Program for Enhancement of Emergency Response (PEER) Stage IV

Disaster Risk Reduction, Reconstruction, and Resilience (DR4) Office


PEER aims to enhance the disaster response capacity of local, regional, and national disaster management agencies. 



PEER is a regional program that has been supported by USAID’s Office of U.S. Foreign Disaster Assistance (USAID/OFDA) since 1998.  The program aims to enhance local and regional disaster preparedness and response capacities of vulnerable countries within the Asia region – including Bangladesh, Cambodia, India, Indonesia, Laos, Nepal, Pakistan, the Philippines, Thailand, and Vietnam – through the institutionalization of sustainable disaster preparedness training programs and advanced emergency response systems. 

The ongoing PEER Stage IV started in 2014 and builds upon previous PEER programs.  The program is currently being implemented in four South Asian countries: Bangladesh, India, Nepal, and Pakistan.

PEER IV Objectives

The objective of PEER Stage IV is to capitalize on the successes of Stages I to III to:

  • Establish a system for enhanced community-level first responder capacity in disaster-prone communities.
  • Improve the capacity of hospitals and medical facilities to manage mass casualty incidents.
  • Train in-country instructors in all of its training programs for long-term sustainability.

PEER Stage IV also seeks to encourage local ownership of disaster preparedness and response capacity building efforts by strengthening engagement with national, public, and private institutions.


  • Community Action for Disaster Response (CADRE): The CADRE training course teaches individuals to be better prepared to respond to disasters in their communities.  The three-day modular course incorporates simple elements of medical first response and collapsed structure search-and-rescue operations.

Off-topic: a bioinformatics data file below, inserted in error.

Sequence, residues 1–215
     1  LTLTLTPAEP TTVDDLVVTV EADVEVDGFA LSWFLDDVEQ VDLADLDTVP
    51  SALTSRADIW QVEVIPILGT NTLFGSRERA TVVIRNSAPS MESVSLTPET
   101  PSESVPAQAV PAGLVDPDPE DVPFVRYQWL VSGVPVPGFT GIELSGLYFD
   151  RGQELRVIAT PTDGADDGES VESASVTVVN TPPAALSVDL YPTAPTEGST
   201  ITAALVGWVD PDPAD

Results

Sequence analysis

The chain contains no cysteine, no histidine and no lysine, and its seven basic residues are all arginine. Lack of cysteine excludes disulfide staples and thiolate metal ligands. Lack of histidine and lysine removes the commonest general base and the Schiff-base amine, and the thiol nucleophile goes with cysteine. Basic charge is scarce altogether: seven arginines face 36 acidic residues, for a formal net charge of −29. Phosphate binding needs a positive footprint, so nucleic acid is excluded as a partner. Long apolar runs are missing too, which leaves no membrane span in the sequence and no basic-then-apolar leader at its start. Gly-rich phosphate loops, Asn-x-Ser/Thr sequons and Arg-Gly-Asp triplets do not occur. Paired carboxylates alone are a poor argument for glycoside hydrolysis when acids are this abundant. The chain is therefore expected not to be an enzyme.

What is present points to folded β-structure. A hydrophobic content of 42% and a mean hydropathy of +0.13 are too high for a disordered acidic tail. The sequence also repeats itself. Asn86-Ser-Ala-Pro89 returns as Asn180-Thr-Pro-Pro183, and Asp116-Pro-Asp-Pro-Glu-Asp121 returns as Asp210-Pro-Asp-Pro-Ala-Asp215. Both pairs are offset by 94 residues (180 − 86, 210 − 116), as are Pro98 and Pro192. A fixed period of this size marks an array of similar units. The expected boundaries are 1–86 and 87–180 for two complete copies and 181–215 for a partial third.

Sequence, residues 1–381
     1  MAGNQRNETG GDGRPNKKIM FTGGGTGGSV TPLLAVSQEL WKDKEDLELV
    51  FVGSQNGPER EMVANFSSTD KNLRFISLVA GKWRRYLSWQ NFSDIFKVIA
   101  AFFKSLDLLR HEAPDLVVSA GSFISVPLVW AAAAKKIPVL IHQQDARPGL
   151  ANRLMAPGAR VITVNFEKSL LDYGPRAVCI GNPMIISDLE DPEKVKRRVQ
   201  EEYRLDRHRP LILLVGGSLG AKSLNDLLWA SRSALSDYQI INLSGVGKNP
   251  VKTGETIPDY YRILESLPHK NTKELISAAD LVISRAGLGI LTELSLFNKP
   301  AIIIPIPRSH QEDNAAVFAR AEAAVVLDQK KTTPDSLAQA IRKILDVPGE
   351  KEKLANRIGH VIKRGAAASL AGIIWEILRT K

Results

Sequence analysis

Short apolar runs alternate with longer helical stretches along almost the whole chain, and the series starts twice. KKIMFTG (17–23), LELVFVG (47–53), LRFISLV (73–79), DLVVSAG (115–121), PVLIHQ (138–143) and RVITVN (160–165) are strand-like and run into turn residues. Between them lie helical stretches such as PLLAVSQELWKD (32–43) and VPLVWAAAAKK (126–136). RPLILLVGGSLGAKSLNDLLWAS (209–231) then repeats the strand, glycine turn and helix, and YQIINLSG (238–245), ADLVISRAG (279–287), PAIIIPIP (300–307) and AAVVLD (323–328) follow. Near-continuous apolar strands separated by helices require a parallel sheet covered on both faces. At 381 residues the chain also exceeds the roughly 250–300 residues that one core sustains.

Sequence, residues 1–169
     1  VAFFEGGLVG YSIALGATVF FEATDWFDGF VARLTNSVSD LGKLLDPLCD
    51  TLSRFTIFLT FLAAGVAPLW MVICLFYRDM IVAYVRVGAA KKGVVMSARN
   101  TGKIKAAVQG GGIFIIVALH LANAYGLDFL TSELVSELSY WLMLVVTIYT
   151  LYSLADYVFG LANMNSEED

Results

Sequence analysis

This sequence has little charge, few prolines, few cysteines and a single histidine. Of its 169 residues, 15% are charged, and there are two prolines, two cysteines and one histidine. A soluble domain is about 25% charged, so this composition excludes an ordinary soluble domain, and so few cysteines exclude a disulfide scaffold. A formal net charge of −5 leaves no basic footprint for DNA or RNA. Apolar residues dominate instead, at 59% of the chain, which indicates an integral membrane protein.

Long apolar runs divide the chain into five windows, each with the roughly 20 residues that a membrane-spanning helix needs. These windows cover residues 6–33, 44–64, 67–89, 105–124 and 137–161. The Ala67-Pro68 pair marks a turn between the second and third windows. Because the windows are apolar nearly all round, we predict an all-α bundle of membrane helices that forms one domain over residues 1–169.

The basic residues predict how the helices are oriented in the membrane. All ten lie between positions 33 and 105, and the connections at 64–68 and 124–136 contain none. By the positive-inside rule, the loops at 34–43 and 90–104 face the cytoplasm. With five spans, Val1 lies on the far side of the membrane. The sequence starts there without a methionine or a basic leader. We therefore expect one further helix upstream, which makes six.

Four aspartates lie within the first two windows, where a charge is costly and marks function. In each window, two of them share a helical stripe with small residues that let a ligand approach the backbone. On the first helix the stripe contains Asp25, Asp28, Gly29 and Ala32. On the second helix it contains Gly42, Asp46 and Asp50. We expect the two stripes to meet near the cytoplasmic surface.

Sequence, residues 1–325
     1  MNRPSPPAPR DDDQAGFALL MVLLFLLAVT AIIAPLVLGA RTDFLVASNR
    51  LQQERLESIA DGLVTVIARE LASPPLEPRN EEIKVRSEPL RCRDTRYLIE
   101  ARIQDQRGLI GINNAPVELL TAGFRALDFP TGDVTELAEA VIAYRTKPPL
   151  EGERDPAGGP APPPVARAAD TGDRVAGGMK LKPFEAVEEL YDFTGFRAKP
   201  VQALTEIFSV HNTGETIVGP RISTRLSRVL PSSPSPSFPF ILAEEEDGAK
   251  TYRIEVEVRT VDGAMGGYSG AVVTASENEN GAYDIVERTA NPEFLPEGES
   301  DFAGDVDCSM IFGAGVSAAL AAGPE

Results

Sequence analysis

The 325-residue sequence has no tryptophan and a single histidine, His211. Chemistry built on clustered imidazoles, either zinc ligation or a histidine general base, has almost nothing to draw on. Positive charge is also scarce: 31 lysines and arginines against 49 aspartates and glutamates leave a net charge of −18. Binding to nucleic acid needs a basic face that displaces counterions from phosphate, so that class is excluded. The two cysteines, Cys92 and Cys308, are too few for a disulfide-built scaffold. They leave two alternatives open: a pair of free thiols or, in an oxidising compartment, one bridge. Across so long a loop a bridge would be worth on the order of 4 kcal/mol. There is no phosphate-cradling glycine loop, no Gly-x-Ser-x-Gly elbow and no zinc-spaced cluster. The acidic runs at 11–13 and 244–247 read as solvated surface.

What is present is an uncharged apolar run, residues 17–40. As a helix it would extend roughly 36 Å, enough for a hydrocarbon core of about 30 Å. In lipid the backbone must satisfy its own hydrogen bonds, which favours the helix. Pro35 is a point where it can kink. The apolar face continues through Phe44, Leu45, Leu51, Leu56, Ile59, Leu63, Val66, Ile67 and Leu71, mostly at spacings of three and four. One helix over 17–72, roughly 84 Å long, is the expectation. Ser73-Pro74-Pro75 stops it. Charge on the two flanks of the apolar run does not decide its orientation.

• Medical First Responders (MFR): The MFR course provides individuals with the first response knowledge and skills necessary to assess, treat, and transport sick or injured patients following an emergency or disaster. The course is delivered over a 13-day period.
  • Collapsed Structure Search and Rescue (CSSR): The CSSR course prepares emergency first-responders to search for, stabilize, and extricate victims trapped by collapsed structures.
  • Hospital Preparedness for Emergencies (HOPE): HOPE is a training course for hospital staff and medical and non-medical health care personnel to prepare health care facilities that can respond effectively to emergencies involving large patient load. 
  • Swift Water Rescue (SWR): SWR is a newly introduced course being developed under PEER Stage IV in water rescue or training on swift water rescue.
  • Instructor Development Trainings: PEER has a standard system for developing instructors. The program supports development of curricula for different training stages to form a pool of local instructors.

PEER’s effectiveness was demonstrated during the response to the April 25, 2015 earthquake and its aftershocks in Nepal. PEER graduates were mobilized by their respective organizations and played key roles in the response operations.  PEER-trained personnel serving in the Nepal Army, the Nepal Police, and the Nepal Armed Police Force Search and Rescue (SAR) teams, jointly saved more than 1,675 lives. MFR graduates served in field hospitals in the affected districts, and HOPE-trained personnel at the Tribhuvan University Teaching Hospital implemented the hospital’s disaster preparedness plan, enabling the facility to effectively cope with the increased workload following the earthquakes.  In addition, more than 670 CADRE national volunteers were mobilized for response operations in affected communities.